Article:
Credit Card Offers Reward the Prudent and the Patient

Over the last few months I received three invitations from American Airlines/ American Express to sign up for a new joint AA-Amex credit card that would not have an annual fee as long as I kept my current American Airlines Citibank MasterCard as well.  As a sign-up bonus, the AA Amex card would give me 20% more miles during the first 12 months.  I assume this offer was sent to all AA Citibank card holders, and although I contemplated signing up for the card, I ultimately decided that 20% was not enough to convince me to add another card to my wallet.

We already wrote about checking your “junk mail” for interesting offers, but here I clarify that statement – don’t jump into any “junk mail” offer you get either.  Weigh the offer and consider your circumstances as well.  Naturally, if you accepted every single credit card invitation that included some kind of reward, you credit score would probably suffer while your wallet would likely be overflowing with cards.  Rather, when deciding whether to switch or take on a new rewards credit card, consider how it fits with your other cards.  Is the new card offering you a 1% cash back on everything when you already have a card that offers that?  Does it make sense for you to take on a new credit card with a different rewards program and split up your point accumulation?  That’ll largely depend on whether each of the reward schemes offers something unique and valuable to you, the reward rate of each card, as well as how much you put on your credit card each month.  If your credit card bill is small and it already takes you a while to accumulate enough points for a reward, for example, splitting your purchases between two cards will mean it’ll take even longer.

On the other hand, if you have a card that has a good reward rate for a limited range of purchase categories, such as the CitiForward card, which offers 5 points per dollar on books, movies, music, and restaurants, having another card that has a bonus on other purchases could work for you.  In this example, if you make a significant amount on your purchases by credit card, you could complement the CitiForward with the American Express Blue Cash card, which gives 5% cash back on purchases at supermarkets, gas stations, and drug stores once you spend $6,500 on it (or a 1% cash back on those purchase categories before you reach the threshold).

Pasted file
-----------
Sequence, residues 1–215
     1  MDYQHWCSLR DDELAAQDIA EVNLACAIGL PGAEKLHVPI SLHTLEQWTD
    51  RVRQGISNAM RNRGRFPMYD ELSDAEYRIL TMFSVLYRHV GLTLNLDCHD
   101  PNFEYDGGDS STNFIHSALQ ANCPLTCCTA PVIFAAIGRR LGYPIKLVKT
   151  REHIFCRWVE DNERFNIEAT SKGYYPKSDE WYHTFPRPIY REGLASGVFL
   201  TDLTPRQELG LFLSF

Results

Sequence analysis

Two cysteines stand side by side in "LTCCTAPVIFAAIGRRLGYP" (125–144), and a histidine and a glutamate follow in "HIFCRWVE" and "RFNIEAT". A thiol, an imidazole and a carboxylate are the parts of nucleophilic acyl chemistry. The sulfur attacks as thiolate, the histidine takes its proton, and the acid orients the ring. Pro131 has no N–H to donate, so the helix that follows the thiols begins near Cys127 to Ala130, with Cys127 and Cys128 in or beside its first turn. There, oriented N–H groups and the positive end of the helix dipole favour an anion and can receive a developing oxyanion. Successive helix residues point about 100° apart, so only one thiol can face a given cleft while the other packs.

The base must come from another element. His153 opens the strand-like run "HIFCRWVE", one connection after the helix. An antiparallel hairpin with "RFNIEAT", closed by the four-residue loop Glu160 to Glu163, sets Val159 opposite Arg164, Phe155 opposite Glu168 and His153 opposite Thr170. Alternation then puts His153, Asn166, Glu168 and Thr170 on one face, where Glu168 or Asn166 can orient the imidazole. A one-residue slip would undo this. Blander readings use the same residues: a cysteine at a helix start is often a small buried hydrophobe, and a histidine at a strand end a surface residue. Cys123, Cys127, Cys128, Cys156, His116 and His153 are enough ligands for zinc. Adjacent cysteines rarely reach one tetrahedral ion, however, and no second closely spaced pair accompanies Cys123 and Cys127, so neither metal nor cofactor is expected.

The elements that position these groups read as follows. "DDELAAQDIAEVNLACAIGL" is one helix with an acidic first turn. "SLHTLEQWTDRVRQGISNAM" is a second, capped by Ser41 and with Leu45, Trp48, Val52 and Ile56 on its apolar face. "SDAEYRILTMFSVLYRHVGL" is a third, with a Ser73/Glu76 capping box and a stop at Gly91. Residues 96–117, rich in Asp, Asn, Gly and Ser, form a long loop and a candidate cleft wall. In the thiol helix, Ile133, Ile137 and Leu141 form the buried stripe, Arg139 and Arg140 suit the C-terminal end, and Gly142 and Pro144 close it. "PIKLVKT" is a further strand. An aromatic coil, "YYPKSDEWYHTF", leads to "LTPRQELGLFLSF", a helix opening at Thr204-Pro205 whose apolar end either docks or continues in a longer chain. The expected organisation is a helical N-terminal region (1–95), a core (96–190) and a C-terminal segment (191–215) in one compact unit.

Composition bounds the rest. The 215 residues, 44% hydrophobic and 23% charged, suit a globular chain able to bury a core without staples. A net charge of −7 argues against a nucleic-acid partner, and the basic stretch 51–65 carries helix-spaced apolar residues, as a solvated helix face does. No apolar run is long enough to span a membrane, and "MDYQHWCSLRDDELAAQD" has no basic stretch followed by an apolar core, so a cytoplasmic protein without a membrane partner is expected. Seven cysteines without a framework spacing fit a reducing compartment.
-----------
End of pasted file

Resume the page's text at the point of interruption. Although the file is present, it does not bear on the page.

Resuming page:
As for the AA Amex card, I decided not to get it because the industry standard rates a 1 mile reward to be equivalent to roughly 2 cents.  With a 20% bonus, that would only go up to 2.4 cents.  The difference between getting 2% back and 2.4% cash back isn’t significant enough to change my spending patterns, particularly since I also have the Discover More card, which has 5% cash back offers that change quarterly and the CitiForward card.

Besides, last week I got a very interesting offer in the mail: American Airlines will be giving me a 20% bonus with my current AA Citibank credit card until the end of May 2010.  No new credit card required, only a call to an automated customer service line and inputting the “individualized offer code” that came in the letter.  Yet another example of why it pays to wait and to check your “junk” mail.

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One Response

  1. I found your blog post while searching google. Quite impressive too, since google usually shows relatively old results but this one is very recent! Anyway, very informative, especially since this is not something many people are able to write something good about. Take care…

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